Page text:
-What makes the French Quarter so special to you?

I always spend a lot of time moving around all over the place, the Bywater, Marigny, St. Roch, Treme, AND the Quarter, so I've got favorite spots all over the city. There's just a magic, mystery and romance to New Orleans wherever you go- with all the beads and Spanish moss hanging in the trees, everything in a state of decay and renewal all at the same time. It's a city where you can feel the misery of generations on generations, there are ghosts everywhere, but they coexist with all this vigorous, loud joyful hope. All of that energy in the air just makes me feel more myself.

-Would you say this is your favorite style to cook? 

It's ONE of my favorites haha I like to mash them all together - Native American, Mexican, Cajun, Creole, they all actually share a lot of common influences. I love to cook anything that feels warm and comforting. And anything with chiles. Those two things are kind of synonymous for me.

The meal of traditional Cherokee foods we prepared for the Hairy Bikers episode, which should air some time in the fall, I believe.

The meal of traditional Cherokee foods we prepared for the Hairy Bikers episode, which should air some time in the fall, I believe.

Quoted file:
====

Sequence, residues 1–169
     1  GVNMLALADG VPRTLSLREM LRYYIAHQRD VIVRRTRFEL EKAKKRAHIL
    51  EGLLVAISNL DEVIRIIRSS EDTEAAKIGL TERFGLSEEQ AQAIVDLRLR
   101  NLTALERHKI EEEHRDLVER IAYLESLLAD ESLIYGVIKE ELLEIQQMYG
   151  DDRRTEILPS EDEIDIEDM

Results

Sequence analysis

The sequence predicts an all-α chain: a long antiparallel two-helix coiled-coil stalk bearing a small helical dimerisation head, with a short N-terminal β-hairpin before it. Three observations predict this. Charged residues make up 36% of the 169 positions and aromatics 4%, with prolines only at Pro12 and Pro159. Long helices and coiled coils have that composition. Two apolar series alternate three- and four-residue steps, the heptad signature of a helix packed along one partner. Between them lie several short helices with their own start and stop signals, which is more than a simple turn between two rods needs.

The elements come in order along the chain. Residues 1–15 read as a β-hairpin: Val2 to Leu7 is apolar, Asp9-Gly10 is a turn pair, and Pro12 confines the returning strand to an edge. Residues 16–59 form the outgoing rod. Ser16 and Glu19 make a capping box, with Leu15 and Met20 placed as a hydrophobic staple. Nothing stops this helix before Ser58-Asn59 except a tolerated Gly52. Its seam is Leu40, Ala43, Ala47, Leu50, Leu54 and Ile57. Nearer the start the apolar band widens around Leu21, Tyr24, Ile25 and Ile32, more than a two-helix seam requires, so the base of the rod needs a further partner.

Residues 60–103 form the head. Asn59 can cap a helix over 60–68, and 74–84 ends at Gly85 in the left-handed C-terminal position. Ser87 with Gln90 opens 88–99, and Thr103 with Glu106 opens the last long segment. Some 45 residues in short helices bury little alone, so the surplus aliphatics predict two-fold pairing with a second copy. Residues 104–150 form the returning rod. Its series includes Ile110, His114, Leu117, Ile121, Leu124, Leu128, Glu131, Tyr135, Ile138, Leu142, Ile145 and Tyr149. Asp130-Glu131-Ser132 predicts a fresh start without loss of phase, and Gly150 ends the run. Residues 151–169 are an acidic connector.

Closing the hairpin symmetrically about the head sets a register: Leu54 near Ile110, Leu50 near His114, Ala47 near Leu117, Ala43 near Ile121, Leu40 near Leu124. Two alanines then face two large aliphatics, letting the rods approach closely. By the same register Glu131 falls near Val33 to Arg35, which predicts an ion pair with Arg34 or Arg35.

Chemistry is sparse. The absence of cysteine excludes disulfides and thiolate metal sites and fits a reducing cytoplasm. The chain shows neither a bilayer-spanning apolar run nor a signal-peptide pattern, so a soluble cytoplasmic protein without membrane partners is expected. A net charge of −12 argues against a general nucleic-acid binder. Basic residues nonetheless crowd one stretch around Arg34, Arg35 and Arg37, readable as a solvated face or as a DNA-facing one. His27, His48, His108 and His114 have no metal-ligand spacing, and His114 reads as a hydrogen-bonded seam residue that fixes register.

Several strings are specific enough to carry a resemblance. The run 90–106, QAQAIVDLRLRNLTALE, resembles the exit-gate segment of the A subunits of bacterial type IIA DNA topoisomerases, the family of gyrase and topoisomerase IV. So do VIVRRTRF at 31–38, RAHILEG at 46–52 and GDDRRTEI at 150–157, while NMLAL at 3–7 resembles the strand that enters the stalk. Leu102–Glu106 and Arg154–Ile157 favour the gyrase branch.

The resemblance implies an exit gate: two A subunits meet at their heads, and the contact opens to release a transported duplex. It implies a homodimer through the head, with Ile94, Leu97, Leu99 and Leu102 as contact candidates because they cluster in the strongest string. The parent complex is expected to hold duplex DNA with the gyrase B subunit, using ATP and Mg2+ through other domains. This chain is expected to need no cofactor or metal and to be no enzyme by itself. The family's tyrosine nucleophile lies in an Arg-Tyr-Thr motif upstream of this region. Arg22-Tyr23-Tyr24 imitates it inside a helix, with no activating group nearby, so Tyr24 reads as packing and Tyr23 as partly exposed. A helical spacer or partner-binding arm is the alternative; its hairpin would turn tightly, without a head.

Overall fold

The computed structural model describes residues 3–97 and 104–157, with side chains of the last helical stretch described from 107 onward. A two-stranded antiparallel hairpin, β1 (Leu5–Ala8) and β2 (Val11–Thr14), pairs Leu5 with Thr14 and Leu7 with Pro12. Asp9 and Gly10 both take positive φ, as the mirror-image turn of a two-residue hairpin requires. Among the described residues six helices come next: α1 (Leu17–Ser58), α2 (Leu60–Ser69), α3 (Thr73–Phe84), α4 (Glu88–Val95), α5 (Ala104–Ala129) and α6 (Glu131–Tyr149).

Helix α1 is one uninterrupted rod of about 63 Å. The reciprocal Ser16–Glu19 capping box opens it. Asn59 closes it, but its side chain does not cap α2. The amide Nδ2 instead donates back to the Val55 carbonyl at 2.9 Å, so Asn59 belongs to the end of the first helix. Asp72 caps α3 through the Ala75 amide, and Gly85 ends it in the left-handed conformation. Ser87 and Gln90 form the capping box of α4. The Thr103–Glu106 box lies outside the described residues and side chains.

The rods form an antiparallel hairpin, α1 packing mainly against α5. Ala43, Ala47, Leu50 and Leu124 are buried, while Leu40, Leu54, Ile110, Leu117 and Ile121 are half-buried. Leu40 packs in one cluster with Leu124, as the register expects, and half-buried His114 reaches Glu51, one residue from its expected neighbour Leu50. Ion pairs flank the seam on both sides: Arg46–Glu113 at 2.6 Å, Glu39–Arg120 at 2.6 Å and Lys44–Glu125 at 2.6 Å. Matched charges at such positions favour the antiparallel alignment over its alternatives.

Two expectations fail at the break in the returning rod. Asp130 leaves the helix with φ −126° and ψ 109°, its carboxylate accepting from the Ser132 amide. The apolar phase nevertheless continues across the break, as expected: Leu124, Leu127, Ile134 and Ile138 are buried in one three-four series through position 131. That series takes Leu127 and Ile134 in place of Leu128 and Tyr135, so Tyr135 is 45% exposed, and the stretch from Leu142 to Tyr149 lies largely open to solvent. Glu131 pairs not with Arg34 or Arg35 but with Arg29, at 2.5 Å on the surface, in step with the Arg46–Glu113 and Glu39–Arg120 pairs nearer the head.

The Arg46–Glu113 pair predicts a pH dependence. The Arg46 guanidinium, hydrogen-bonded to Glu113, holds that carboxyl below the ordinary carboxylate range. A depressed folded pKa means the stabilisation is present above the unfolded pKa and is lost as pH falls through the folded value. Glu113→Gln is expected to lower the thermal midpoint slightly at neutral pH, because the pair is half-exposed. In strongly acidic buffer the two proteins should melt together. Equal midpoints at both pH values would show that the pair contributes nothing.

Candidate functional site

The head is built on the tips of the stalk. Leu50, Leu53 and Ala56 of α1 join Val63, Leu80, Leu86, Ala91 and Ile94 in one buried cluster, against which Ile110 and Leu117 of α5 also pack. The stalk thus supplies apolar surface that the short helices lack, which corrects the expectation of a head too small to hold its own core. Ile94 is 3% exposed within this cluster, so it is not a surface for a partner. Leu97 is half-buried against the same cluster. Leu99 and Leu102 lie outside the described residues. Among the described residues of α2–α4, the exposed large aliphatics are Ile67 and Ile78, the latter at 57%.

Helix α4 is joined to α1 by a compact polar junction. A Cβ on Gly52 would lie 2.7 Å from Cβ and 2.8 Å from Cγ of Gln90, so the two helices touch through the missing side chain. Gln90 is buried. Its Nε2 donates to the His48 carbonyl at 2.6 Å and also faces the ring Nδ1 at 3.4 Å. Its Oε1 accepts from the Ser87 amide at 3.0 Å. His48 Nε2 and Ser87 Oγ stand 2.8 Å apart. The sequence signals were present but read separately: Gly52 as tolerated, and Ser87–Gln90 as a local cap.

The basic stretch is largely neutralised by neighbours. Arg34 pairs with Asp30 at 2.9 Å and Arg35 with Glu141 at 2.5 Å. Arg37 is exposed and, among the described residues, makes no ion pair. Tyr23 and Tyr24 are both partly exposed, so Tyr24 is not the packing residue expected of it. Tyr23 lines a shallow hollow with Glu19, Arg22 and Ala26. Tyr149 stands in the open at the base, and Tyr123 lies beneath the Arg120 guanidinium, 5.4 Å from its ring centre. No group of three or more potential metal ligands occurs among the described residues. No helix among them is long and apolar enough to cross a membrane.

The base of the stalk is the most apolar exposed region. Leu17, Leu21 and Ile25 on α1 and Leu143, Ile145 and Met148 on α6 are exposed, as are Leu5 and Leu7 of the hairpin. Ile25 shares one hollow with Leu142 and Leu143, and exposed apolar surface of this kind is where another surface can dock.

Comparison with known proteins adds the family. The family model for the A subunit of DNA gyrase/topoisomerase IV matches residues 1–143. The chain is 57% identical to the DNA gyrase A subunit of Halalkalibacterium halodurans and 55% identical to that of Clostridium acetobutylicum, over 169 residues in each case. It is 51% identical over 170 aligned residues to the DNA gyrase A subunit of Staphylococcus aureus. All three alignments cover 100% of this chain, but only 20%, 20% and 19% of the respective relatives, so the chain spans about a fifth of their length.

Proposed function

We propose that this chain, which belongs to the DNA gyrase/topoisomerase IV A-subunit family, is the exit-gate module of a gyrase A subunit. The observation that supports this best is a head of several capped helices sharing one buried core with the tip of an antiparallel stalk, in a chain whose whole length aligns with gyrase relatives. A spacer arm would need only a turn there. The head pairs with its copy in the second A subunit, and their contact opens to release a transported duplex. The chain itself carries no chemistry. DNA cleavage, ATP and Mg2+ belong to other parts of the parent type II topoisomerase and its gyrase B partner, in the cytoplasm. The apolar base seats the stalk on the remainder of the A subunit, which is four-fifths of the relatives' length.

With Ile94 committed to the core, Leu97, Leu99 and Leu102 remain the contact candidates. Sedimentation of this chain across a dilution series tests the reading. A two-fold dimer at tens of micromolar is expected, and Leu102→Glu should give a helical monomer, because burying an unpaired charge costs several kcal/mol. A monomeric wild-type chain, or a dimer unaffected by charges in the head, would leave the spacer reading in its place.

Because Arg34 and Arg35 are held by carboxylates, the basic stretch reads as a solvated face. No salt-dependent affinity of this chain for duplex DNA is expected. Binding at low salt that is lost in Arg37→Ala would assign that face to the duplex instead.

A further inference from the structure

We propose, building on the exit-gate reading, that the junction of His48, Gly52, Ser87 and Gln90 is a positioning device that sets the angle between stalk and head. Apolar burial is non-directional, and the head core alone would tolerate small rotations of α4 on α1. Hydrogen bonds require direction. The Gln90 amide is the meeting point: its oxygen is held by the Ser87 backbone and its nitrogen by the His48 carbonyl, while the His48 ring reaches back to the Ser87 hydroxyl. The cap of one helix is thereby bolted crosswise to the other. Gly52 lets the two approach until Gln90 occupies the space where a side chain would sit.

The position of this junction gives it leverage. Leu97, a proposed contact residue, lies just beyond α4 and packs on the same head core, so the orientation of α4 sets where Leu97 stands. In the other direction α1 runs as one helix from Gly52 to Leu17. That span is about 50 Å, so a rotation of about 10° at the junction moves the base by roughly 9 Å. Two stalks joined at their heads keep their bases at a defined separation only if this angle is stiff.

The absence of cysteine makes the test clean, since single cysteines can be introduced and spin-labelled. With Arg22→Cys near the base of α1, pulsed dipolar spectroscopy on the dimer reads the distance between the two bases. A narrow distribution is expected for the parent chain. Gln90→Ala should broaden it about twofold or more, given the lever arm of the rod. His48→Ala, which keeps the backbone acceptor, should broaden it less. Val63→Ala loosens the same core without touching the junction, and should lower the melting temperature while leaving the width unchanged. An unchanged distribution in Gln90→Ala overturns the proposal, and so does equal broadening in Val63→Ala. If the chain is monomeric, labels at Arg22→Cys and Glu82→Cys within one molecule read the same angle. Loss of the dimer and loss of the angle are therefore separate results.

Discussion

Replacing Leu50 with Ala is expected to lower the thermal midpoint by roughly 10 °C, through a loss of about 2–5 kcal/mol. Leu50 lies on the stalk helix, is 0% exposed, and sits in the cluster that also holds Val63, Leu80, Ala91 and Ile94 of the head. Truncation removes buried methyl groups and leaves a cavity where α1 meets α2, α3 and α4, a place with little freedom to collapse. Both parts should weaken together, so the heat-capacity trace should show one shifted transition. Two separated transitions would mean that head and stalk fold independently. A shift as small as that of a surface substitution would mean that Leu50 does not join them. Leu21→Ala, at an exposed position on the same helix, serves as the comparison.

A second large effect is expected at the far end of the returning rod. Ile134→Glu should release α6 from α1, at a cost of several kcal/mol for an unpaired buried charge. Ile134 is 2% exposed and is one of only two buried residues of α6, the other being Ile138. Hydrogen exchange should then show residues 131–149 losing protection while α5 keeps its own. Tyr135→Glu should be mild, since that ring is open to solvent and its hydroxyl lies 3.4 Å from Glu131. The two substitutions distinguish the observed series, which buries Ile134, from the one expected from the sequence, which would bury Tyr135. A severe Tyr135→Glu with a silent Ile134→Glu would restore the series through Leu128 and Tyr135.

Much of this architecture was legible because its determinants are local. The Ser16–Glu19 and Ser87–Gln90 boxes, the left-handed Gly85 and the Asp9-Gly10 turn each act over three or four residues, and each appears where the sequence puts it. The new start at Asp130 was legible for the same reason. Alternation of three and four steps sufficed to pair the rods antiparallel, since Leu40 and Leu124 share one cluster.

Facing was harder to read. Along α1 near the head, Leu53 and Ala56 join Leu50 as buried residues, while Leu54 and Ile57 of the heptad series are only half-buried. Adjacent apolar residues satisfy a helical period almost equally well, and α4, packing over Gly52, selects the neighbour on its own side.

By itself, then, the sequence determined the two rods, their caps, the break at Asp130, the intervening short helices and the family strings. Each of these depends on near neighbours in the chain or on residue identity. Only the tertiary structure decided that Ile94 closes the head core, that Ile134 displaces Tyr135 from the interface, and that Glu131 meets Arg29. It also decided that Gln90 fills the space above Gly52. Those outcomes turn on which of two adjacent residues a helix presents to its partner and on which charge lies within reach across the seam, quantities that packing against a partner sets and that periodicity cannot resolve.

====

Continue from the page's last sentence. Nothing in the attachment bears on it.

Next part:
-What are your favorite local ingredients to work with?

I love to forage wild onions in the springtime and use them in everything. Wild persimmons in the fall are always a treat too. I also love to work with venison, my best friend Amanda (who you know of course!)'s husband is an avid hunter so he is always a reliable source for fresh game meat.

Another photo from the Hairy Bikers shoot, this was the wild hog we roasted, which Amanda's husband John got for me!

Another photo from the Hairy Bikers shoot, this was the wild hog we roasted, which Amanda's husband John got for me!

-Tell us about one life changing meal you experienced. 

I recently filmed an episode for the BBC/Netflix show Hairy Bikers, which is a food travel show hosted by two very charming Englishmen who go on motorcycle road-trips around the world meeting, eating and cooking with people. My friends and fellow Cherokee chefs Bradley Dry and Taylor Barton and I made a meal of traditional Cherokee foods for them and talked about our culture and history on the banks of a beautiful clear creek on Bradley's family land. It was a lot of hard work but a very rewarding and meaningful experience.

-Favorite kitchen tool?

I couldn't live without my cast iron skillets!

-If some of my readers want to start cooking more gourmet meals, what kind of dishes would you recommend they start with?